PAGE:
Sigma No. 4/2016 - Mutual insurance in the 21st century: back to the future?

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 This Sigma reviews recent developments in the mutual insurance sector. Given their heterogenous nature, the analysis compares developments among different groups of mutual institutions to gain insight into the anatomy of the sector and how that has changed over the recent past. The study then discusses current challenges and opportunities for mutual insurers.

Microcare, Uganda: Financing health through communities, in Innovation for sustainable development : Local case studies from Africa

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This volume aims to highlight many exciting innovations for sustainable development in Africa at the local level. It also begins to assess the scope for scaling up these innovations to make an impact on a larger scale. This particular case study focuses on an organisation called Microcare which was created out of a Community Health Financing Micro-Insurance initiative in Uganda.

India: An inventory of micro insurance schemes

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As poverty and social exclusion remain major problems in the world, even as we are in the third millennium, the quest for solutions continues. The ILO’s Stategies and Tools against Social Exclusion and Poverty Programme (STEP) explores innovative methods that contribute to these solutions. One of them is micro insurance. There are only a scarce amount of documented micro insurance initiatives and concerning India, this is a first attempt to identify the various micro insurance schemes that are established.

Willingness to pay for health insurance among rural and poor persons: Field evidence from seven microhealth insurance units in India

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This study, conducted in India in 2005, provides evidence on Willingness to pay (WTP), gathered through a unidirectional (descending) bidding game among 3024 households (HH) in seven locations where micro health insurance units are in operation. Insured persons reported slightly higher WTP values than uninsured. About two-thirds of the sample agreed to pay at least 1%, about half the sample was willing to pay at least 1.35%, 30% was willing to pay about 2.0% of annual HH income as health insurance premium.

Micro health insurance in India: Pointers for progress

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One cannot exclude the possibility that insurers and others, insufficiently aware of clients' priorities, seem to misinterpret low demand as reflecting low willingness to pay, ignoring the unattractive value proposition of the main product and the devastating impact on the demand side of cherry picking. One can wonder if those who are interested in making insurance work for the poor in India might be stuck in a vicious cycle, which looks like this: poor products - low demand - low willingness to pay - lowering of premiums - further worsening of insurance product or service.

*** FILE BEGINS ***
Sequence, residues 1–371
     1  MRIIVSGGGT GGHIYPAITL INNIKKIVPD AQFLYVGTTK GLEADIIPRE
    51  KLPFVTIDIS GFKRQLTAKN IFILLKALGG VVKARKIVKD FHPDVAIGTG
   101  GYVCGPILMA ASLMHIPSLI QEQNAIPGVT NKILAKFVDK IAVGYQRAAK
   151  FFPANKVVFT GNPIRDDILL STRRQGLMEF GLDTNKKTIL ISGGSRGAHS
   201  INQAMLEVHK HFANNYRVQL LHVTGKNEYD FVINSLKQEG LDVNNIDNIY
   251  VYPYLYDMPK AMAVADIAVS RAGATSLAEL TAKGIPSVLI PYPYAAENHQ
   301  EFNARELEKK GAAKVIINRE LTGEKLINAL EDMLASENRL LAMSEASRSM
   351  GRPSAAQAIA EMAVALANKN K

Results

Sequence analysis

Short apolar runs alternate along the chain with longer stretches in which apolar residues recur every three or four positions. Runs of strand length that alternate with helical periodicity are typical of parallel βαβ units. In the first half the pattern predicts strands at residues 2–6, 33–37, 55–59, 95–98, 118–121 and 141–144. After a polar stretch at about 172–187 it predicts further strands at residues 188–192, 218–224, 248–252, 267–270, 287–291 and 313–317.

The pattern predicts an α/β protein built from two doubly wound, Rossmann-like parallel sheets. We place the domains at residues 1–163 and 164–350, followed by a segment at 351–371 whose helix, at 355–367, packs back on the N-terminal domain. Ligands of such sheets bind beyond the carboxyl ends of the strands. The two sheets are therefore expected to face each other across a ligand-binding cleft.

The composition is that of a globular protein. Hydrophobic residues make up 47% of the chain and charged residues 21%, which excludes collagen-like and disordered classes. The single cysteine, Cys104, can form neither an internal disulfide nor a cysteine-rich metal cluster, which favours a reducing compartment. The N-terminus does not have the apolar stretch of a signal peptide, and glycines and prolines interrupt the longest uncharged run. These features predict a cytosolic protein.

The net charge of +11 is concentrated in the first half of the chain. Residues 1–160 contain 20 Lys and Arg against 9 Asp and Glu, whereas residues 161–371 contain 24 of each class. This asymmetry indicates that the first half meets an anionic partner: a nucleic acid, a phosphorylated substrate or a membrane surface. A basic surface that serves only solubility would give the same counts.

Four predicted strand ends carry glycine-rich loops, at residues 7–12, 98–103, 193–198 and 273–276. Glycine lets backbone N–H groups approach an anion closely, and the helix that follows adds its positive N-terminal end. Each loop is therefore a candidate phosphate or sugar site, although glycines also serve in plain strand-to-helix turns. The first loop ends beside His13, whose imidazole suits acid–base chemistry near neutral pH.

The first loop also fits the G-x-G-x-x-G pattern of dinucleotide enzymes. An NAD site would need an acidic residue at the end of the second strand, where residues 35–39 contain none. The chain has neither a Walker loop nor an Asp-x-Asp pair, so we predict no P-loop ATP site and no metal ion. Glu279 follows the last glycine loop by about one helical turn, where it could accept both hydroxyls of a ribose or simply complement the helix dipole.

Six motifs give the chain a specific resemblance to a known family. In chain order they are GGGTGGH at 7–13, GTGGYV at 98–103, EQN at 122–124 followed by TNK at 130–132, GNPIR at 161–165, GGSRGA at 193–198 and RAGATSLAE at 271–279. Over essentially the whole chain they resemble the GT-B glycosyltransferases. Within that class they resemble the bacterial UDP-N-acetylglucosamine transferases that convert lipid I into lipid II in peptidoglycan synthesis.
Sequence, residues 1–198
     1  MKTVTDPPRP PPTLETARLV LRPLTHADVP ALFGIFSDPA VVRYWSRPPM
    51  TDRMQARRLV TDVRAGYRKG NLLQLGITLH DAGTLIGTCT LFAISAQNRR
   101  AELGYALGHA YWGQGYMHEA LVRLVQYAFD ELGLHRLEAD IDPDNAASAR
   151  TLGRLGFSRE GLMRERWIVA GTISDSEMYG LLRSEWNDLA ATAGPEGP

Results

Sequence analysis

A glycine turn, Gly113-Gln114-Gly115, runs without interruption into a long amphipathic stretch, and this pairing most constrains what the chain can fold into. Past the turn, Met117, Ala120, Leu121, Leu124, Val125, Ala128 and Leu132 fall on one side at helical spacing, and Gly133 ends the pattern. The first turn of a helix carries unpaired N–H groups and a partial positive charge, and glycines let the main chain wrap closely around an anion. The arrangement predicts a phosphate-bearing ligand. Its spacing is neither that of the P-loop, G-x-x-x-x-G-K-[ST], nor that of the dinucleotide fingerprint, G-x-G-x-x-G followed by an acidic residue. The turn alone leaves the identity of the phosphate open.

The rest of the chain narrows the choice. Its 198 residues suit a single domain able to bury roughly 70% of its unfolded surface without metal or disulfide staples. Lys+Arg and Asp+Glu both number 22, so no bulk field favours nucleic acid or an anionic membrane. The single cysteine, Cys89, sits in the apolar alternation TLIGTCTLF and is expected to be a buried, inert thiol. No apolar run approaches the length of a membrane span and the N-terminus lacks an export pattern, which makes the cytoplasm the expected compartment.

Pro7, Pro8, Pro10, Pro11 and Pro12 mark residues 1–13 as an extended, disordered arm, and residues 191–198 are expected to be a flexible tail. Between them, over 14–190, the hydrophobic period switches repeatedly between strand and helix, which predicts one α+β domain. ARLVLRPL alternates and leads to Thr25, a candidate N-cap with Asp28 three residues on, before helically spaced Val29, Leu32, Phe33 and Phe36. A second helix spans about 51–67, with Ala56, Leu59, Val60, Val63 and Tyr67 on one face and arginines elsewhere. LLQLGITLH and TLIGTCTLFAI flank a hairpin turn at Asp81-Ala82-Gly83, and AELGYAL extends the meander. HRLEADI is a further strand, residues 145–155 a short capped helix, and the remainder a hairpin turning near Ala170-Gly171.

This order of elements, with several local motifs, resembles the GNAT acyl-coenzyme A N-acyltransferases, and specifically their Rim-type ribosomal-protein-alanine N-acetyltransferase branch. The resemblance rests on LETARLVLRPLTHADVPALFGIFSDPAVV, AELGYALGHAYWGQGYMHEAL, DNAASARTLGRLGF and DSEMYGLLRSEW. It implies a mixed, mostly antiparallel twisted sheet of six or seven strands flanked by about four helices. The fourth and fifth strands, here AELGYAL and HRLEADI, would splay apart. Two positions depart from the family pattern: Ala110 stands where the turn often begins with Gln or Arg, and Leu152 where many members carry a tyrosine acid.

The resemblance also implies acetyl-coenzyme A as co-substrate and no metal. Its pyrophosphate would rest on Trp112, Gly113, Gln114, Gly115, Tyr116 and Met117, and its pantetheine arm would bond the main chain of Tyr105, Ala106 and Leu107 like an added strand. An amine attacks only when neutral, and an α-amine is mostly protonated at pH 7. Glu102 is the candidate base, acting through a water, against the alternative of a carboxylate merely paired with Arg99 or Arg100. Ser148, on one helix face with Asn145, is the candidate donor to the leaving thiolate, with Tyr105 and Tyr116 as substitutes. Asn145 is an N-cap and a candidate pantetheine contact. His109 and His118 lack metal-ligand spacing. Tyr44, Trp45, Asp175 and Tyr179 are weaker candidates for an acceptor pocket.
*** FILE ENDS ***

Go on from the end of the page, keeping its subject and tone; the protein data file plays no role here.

Demystifying micro health insurance package design - Choosing healthplans all together (Chat)

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This article examines the utilization of a simulation exercise known as Choosing All Health Insurance (CHAT). As a decision tool, this exercise allows variably educated resource-poor populations who are inexperienced with health insurance to select health benefits that they perceive to be relevant. CHAT was adapted to developmental context of India through the project "Strengthening Micro Health Insurance Units for the Poor" (2005-2006).

Micro health insurance: The quest for a balance between different interests of healthcare providers, clients and insurers

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The three partners in the equation of health insurance are the clients, the providers of care and the insurers. Each of the stakeholders aims at different objectives: providers of healthcare seek to deliver health services, and each provider focuses on those services that it has capacity to deliver. The objective of insurers is to ensure that expenditure levels will not exceed the income. And the objective of clients is to obtain affordable and good quality services that are relevant in their context, through a process that they consider as fair.


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